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Something has been on my mind for the last six months or so but, until last week, I wasn’t sure what it was. You know the feeling, a vague concern that perhaps things are not right but you’re not sure what. Last week a true hero died, his name was Captain Eric ‘Winkle’ Brown and he was probably one of the finest pilots that Britain has ever seen. Not only that, Captain Brown was a war hero in the truest sense of the word. He helped liberate the concentration camps and, thanks to his fluent German, he interrogated both Himmler and Goering after their capture. There are not many men like Captain Eric Brown.

My Grandfather on my Mother’s side was also a military veteran. In 1914 when the call came he was one of those bright, cheerful young men who headed down to the recruiting office and he then spent the next four years manning an artillery barrage on the Western Front. In 1939 he was again in uniform but, due to injuries received, he was an air raid warden encouraging one and all to “put that bloody light out” in the vain hope that the Luftwaffe would miss Manchester that night and lives would be saved. In 1914 when he signed on the dotted line my Grandfather would have been 22, Captain Eric Brown would have been 20, and Wing Commander Guy Gibson who led the Dam Busters raid in 1943 would have been 25 when he took off that night. Want an American example? Brigadier General Paul Tibbets was 30 when he dropped the atomic bomb on Hiroshima. War is a young man’s game.

Fast forward to 2015/16 and Europe is in the middle of the biggest refugee crisis that it has seen since the second world war. Hundreds of thousands of people are moving from the Middle East north and north west into Europe by any means possible. This mass of people contains a large number of young men of fighting age and I’m curious why they are there. Seventy five years ago young men of their age would have been queuing up outside the recruiting office, eager to defend their country, but now they just want to get the hell out of there and head for Western Europe.

There are a number of theories about what is going on here. Firstly there is the Arab attitude of ‘Inshallah’ or ‘God wills it’. Nothing happens without the will of God and if President Assad wishes to wage war on his own people or Islamic State decide to take over swathes of the Middle East then it is just the will of God. Secondly, the young men you see are part of the Facebook generation and it has been my observation that a lot of people in their early twenties care about very little (voting turnout figures confirm this). Maybe they just want to get out of the Middle East in search of a better life and think that their country is not worth defending? Certainly there are no posters of the Islamic version of Lord Kitchener staring out of the paper with a plea to defend their country and join the resistance against President Assad.

One final thing. For years we had a family friend who refused to fight in WWII because he was a member of the Quaker faith. On September 1st 1939 he quit his job as a carpenter and joined the fire service where he probably saw just as much death and destruction as any soldier or sailor. On VE Day he celebrated the end of the war with a clear conscience and then went back to his carpenter’s workshop. That was a man I also admired.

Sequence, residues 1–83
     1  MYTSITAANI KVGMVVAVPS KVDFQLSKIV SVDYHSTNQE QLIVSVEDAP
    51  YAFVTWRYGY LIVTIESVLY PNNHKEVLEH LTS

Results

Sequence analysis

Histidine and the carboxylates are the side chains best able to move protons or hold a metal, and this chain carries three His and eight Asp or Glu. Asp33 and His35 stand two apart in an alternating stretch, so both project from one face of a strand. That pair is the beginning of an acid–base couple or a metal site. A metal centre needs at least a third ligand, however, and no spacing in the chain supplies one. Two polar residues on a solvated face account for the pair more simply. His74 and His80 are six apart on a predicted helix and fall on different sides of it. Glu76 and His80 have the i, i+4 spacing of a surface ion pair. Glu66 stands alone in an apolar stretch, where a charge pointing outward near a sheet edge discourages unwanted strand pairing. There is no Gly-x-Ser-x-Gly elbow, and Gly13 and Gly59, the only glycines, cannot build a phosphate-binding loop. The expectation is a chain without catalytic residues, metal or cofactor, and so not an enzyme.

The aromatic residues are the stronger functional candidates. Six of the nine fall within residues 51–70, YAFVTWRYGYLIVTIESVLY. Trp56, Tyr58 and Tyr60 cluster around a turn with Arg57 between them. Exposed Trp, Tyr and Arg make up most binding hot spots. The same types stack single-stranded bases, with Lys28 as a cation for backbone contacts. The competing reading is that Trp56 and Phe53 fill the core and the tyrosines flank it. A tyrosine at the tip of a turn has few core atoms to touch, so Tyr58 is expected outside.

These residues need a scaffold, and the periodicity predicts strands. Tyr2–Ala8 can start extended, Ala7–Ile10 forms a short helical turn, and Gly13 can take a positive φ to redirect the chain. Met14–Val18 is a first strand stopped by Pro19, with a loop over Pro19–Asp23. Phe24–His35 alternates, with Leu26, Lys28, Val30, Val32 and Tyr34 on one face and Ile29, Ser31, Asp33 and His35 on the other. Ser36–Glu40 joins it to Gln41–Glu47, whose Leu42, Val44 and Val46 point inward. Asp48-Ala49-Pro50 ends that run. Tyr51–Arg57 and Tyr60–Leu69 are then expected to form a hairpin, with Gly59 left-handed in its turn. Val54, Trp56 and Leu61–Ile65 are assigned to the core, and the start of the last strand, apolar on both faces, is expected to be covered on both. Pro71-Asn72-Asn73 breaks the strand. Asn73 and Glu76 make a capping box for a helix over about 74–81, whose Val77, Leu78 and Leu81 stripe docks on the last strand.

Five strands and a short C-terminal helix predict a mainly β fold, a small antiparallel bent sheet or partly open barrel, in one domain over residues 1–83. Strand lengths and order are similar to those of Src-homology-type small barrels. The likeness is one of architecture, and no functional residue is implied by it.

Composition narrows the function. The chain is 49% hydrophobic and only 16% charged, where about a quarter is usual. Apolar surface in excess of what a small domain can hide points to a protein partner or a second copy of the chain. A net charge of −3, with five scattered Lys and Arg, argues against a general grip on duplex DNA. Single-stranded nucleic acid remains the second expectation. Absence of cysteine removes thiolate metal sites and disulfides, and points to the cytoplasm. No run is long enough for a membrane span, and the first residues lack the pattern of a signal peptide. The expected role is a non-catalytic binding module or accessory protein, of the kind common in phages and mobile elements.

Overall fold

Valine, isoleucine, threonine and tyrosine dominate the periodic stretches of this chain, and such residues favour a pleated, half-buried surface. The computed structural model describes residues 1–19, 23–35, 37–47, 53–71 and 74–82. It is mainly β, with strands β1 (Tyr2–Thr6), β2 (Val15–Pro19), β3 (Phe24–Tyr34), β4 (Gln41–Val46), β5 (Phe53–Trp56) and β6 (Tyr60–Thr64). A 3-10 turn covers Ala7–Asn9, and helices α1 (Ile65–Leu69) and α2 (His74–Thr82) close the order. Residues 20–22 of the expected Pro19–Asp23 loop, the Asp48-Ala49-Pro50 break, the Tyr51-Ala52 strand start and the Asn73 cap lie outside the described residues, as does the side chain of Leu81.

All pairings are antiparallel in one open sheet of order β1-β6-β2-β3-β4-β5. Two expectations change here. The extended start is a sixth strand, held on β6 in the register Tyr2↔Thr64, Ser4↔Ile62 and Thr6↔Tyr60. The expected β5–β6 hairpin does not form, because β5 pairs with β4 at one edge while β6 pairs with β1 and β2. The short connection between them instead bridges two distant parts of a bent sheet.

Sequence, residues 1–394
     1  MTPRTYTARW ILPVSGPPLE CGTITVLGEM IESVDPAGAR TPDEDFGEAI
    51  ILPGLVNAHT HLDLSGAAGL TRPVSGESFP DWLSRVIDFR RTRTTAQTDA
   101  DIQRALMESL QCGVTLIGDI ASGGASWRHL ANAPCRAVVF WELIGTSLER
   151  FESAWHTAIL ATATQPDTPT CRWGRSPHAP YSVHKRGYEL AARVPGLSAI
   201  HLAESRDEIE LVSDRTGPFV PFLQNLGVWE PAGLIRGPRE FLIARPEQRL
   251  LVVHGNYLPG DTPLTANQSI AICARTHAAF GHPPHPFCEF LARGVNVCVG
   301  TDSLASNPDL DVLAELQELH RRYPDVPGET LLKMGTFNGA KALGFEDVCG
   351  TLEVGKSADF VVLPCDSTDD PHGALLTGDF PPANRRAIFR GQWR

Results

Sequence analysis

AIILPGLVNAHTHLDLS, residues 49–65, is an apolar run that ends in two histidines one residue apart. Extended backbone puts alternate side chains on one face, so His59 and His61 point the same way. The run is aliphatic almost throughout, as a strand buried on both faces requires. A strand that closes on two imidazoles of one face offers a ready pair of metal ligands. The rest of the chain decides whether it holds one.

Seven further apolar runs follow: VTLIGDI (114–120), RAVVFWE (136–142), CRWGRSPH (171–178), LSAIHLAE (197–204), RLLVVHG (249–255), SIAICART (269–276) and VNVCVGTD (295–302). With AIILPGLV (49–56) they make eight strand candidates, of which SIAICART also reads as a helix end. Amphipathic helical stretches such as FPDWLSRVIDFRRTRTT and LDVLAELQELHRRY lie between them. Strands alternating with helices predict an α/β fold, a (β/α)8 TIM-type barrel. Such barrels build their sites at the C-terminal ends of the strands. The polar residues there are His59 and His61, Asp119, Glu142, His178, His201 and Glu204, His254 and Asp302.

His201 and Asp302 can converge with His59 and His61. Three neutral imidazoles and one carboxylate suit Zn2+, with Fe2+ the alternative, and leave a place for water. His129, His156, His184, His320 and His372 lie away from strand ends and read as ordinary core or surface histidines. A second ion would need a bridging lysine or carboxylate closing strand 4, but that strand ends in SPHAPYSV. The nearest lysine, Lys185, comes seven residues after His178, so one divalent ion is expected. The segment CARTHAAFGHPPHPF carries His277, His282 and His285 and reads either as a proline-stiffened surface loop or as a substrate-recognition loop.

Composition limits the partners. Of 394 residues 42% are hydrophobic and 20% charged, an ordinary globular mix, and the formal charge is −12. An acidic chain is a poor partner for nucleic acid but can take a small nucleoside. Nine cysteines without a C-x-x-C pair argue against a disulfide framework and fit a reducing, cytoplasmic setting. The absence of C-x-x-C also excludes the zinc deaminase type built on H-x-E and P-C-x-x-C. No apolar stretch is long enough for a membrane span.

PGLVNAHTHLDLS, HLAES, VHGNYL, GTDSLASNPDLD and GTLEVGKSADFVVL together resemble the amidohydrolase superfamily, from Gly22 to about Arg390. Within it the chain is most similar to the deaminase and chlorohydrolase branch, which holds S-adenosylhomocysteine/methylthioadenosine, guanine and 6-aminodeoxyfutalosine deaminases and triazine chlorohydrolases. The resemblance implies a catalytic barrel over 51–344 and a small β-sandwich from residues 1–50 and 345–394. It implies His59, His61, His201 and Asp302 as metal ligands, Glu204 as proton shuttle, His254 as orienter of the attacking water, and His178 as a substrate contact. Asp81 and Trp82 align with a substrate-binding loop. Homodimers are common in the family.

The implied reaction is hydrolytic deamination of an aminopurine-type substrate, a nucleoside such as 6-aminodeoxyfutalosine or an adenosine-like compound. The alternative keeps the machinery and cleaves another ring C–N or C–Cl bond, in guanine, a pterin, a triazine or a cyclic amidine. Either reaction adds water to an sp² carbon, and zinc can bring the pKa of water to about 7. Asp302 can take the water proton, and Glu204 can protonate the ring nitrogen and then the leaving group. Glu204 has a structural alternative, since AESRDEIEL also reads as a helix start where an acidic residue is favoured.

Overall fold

So, when a border guard is processing his next refugee in the queue and he sees a healthy young man standing before him perhaps his first question should be “Why did you not stay behind and fight for your country”. The answers received will be of interest.

Peter Kennedy


9 Comments on "Syria Needs YOU!"

  1. mahatmacoatmabag | 29th February 2016 at 9:07 pm | Reply

    Peter Kennedy, the reason most Sunni Arabs are coming West is as old as Islam itself – to establish the Caliphate, that is why at least 80% of them are young fit men of military age. I could be more explicit but I don’t think Mr. Marshall will allow a fuller post on here which is a good example of the mindset of the extremists.

  2. You mentioned in your piece the “Islamic version of Lord Kitchener staring out of the paper with a plea to … join the resistance against President Assad,” and of course this is the essential problem with your false equivalency. Kitchener represented the British Government so the only way your argument makes sense is if that poster was exhorting these young men to join up alongside Assad rather than against him. Your grandfather, my grandfather and Captain Eric “Winkle” Brown all fought for our country against a clear and common enemy. Captain Brown was able to become such a celebrated hero because he was provided support, training and equipment – namely a fighter plane – by the British Government. No such luxuries await the Syrian men who would join the fight. Who they are fighting for and against is not clear either. Should they join Assad? Or ISIS? Or choose another rebel group? As a civilian how do you choose a side in a fight you do not believe in, when all sides seem intent on destroying your home? Perhaps their reluctance to fight is less to do with some spurious ‘facebook effect’ and more to do with the fact that they are ordinary people, without the support of a government military organization, who do not identify with any of the violent organisations tearing their country apart. Perhaps they simply want to keep their families safe. Our predecessors had a clear and common enemy and the means with which to attack them. For these desperate refugees things are not so clear.